Today's words are. Tarmac, Whine, Lobby, Vestige, Dither Spark.
This is my Story, It goes back to the war in the Pacific closing to its end in 1945.
It had become like a routine for both the Allied ships of the Pacific fleet also the Japanese suicide pilots who like their predecessors were waiting by their planes on the tarmac in the islands of Miyako Shima and Ishigaki group of islands.
Today was to be different, and very early in the day at first light, I was able to calculate that 'Something Different'. I spoke to the navigator who had stepped out from the bridge lobby with a smoke and coffee, saying "how far are we away from today's target area" " About the same as usual " Say's he.. I replied " One doesn't have to be a bright spark to notice the whine of the carrier planes now taking off are using additional fuel tanks and this has me in a dither wondering why, that there is hardly a vestige of truth in your statement sir with my apologies for doubting your word, how come the extra fuel tanks?. his reply was " I can't say now but we are expecting a day a bit different than is usual
" Flying stations were ordered over the Tannoy speakers of our large Battleship The flagship of the British Pacific fleet of some seventy ships a quarter the size of the US fleet. The gun crews closed up and prepared for any outcome The norm would be to expect the Kamikazes within the hour or so.following the Allied planes back to the A/C Carriers, the Carriers being the prime target for the Kamikazes.but why the day was to be different and eventually all of our planes returning and not one enemy plane sighted?
Later in the day, the following information was leaked. The extra fuel tanks were dropped over the target area together with bombs etc and on leaving the area to return to the carriers the Japanese planes followed and they only had fuel for a one way suicide trip to heaven so to speak ran into trouble when the Allied planes corrected their 45 degrees diagonal course away from their destination thereby doubling the return distance.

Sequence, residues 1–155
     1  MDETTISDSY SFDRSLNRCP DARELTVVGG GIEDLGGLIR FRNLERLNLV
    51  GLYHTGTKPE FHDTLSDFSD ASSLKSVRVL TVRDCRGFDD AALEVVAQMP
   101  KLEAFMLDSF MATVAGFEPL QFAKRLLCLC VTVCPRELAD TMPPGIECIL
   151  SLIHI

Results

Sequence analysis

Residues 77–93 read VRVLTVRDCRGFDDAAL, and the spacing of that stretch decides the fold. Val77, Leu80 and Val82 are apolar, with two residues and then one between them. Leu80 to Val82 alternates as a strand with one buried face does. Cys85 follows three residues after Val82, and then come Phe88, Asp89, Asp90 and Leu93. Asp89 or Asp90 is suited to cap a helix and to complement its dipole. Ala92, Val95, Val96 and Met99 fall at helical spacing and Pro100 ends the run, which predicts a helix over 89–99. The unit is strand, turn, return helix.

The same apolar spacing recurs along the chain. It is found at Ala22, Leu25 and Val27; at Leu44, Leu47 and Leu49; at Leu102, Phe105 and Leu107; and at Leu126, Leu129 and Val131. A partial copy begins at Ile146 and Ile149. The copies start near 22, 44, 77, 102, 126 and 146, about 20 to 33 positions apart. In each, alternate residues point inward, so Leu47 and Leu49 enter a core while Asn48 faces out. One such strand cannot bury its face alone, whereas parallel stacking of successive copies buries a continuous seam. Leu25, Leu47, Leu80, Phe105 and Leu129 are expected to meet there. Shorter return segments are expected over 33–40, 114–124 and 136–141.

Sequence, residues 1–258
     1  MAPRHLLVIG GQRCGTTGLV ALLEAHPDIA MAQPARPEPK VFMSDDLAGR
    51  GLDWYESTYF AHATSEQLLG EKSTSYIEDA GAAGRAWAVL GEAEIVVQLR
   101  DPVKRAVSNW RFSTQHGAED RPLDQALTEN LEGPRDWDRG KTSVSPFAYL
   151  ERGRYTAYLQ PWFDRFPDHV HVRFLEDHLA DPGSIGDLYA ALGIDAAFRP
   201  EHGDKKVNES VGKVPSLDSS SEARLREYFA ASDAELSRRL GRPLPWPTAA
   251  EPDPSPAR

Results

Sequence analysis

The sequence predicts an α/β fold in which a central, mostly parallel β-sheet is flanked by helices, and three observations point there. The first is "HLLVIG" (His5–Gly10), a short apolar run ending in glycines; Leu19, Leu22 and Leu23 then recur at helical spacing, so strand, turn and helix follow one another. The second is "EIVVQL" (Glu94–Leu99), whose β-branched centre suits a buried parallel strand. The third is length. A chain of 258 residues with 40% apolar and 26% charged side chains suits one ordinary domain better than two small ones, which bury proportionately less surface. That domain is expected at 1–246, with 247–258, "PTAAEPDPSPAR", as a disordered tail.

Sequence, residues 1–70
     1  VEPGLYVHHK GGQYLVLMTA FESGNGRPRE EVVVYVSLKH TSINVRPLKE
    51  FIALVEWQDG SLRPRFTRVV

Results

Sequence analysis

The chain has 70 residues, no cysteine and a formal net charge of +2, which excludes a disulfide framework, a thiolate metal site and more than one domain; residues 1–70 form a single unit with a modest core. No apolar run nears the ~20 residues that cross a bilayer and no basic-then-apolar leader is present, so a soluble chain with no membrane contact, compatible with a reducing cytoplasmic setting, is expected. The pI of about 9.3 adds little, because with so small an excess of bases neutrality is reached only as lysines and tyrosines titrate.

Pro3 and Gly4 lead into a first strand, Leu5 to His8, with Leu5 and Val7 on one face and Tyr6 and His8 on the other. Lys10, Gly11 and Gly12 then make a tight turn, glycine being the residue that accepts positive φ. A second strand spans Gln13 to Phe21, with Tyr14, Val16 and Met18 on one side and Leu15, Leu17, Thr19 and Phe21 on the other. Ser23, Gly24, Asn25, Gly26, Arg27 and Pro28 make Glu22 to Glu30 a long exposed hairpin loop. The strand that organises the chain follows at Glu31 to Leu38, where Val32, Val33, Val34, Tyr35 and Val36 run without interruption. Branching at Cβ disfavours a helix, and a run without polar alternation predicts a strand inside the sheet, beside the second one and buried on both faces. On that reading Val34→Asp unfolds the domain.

Little is known about the outcome simply because the Japanese planes couldn't get to our ships or have enough fuel to return to their bases. ... Daily Gaggle.Vest.
Thursday, 8 March 2018
Words for Wednesday. The Dirty Trick.
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Vest Has Left the Building
To advise that Vest (Les Bowyer) passed away this morning. Regards, Chris (Son).
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My action Station on the Gun direction Platform was to correct and monitor lookout reports sight them and as a result, would be directed to the AA guns, It also meant never losing sight of the target which would become frightenly larger in a few seconds and lead to many brown trouser moments.
I have no doubt about the brown trouser moments.
And can remember reading a kamikazi pilot's letter to his family. Sad and bad.
EC.It is difficult for me to form an opinion on the fate of the Japenese pilots. of course, the had family too. However, my family had no idea where I was and what I was doing on my approach to my nineteenth birthday.
I am not feeling too well at the moment, I shall go to bed early. Thank you for calling.
I am sorry to hear you are not well. Take care of yourself. Please.
E C. I slept well last night. twelve hours.
War is awful, every time, from every point of view. Necessary if you are attacked, but that makes it no less awful.
It's impossible for anyone who has not been in such situations to begin to imagine what it would be like.
Your use of this week's words deserves praise, Vest...so I give you praise. :)
LEE. Somehow the Japanese got wind of this dastardly trick by the brits and was never again successful. but in the washup, it was decided that a great deal was saved on ammunition and cost of human life apart from those of the Japanese who were already written off from the beginning.
Messymimnl. Unfortunately, we were not attacked, and the Japanese pilots run out of Gas long before reaching their target all of those sons of Nippon went to a watery grave which was not unusual but without being mangled beforehand.
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